Category Archives: Latest on Evolution

COVID-19 coronavirus epidemic has a natural origin

The novel SARS-CoV-2 coronavirus that emerged in the city of Wuhan, China, last year and has since caused a large scale COVID-19 epidemic and spread to more than 70 other countries is the product of natural evolution, according to findings published today in the journal Nature Medicine. The analysis of public genome sequence data from SARS-CoV-2…
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To predict an epidemic, evolution can’t be ignored

When scientists try to predict the spread of something across populations -- anything from a coronavirus to misinformation -- they use complex mathematical models to do so. Typically, they'll study the first few steps in which the subject spreads, and use that rate to project how far and wide the spread will go. But what…
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Scientists to search for relatives of extinct Galapagos tortoises

George, the last known member of the Pinta tortoise species, died in 2012 at over 100 years of age after refusing to mate in captivity with females from related subspecies. Park rangers and scientists from the Galapagos National Parks (PNG) and Galapagos Conservancy will tour the Wolf Volcano on Isabela Island in hopes of "locating…
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In a first, fossil dinosaur feathers found near the South Pole

Ten exquisitely preserved fossil feathers found in Australia represent the first solid evidence that feathered dinosaurs lived at Earth’s poles, paleontologists report in an upcoming study in the journal Gondwana Research. The feathers date back 118 million years to the early Cretaceous period, when Australia was much farther south and joined with Antarctica to form…
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Beetle fossilised in amber reveals earliest evidence of prehistoric pollination as scientists discover the insect had flower traces on its feet when it died 99million years ago

The earliest-known example of a pollinating insect has been found preserved in amber dating back to around 99 million years ago, researchers report. The fossilised tumbling flower beetle was found with pollen still stuck to its legs preserved in amber from deep inside a mine in northern Myanmar's Hukawng Valley. The find pushes back the…
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Scientists find early humans moved through Mediterranean earlier than believed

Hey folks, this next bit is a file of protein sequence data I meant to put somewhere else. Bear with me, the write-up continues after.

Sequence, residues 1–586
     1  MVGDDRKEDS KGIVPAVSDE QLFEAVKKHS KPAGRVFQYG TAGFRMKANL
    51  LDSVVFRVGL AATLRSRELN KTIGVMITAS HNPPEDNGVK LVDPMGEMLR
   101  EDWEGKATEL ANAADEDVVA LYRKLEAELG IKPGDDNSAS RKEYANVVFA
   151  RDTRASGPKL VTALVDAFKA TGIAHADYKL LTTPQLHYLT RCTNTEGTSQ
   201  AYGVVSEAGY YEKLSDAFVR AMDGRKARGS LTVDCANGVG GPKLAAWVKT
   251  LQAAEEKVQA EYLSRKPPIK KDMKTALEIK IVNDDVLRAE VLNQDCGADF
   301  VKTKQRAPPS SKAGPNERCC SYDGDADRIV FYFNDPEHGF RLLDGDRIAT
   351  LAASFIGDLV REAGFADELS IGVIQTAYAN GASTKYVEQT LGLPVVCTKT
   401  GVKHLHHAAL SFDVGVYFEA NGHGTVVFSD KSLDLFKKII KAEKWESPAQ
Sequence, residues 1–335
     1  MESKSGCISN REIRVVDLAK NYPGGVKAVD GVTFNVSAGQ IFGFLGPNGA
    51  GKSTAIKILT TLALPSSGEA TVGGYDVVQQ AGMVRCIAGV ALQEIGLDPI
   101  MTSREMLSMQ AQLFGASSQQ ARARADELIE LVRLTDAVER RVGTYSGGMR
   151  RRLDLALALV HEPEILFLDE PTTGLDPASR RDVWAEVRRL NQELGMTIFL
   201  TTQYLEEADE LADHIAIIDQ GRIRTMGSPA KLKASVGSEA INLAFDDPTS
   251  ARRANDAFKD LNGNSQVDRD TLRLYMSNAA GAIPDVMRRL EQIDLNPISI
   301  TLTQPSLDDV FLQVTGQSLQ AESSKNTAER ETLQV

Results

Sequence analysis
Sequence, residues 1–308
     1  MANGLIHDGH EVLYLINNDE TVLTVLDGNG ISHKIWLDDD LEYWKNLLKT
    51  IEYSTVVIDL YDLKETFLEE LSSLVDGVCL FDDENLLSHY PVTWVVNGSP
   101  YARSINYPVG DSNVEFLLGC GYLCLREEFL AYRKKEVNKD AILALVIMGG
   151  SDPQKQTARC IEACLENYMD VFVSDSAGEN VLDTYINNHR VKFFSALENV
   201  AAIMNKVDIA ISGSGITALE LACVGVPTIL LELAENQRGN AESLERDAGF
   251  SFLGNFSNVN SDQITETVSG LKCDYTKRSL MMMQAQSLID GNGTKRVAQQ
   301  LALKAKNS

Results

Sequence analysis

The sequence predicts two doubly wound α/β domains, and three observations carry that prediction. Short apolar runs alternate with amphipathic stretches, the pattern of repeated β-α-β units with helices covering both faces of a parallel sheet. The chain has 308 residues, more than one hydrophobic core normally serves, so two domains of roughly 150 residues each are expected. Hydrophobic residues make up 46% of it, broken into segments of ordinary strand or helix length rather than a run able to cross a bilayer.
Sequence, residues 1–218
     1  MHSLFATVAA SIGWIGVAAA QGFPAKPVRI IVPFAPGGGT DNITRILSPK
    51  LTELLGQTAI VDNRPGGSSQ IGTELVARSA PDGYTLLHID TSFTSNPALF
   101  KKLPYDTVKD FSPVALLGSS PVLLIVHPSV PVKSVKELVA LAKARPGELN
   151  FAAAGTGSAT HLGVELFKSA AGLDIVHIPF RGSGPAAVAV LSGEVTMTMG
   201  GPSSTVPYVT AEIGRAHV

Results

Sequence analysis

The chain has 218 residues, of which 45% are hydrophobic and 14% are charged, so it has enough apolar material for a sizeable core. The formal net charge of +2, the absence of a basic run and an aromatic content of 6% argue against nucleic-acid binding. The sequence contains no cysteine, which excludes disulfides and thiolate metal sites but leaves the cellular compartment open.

An international research team led by scientists from McMaster University has unearthed new evidence in Greece proving that the island of Naxos was inhabited by Neanderthals and earlier humans at least 200,000 years ago, tens of thousands of years earlier than previously believed. The findings, published today in the journal Science Advances, are based on years…
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New data on the evolution of plants and origin of species

There are over 500,000 plant species in the world today. They all evolved from a common ancestor. How this leap in biodiversity happened is still unclear. In the upcoming issue of Nature, an international team of researchers, including scientists from Martin Luther University Halle-Wittenberg, presents the results of a unique project on the evolution of plants.…
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The last mammoths died on a remote island

The last woolly mammoths lived on Wrangel Island in the Arctic Ocean; they died out 4,000 years ago within a very short time. An international research team from the Universities of Helsinki and Tübingen and the Russian Academy of Sciences has now reconstructed the scenario that could have led to the mammoths' extinction. The researchers…
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These Butterflies Evolved to Eat Poison. How Could That Have Happened?

The caterpillar of the monarch butterfly eats only milkweed, a poisonous plant that should kill it. The caterpillars thrive on the plant, even storing its toxins in their bodies as a defense against hungry birds. For decades, scientists have marveled at this adaptation. On Thursday, a team of researchers announced they had pinpointed the key…
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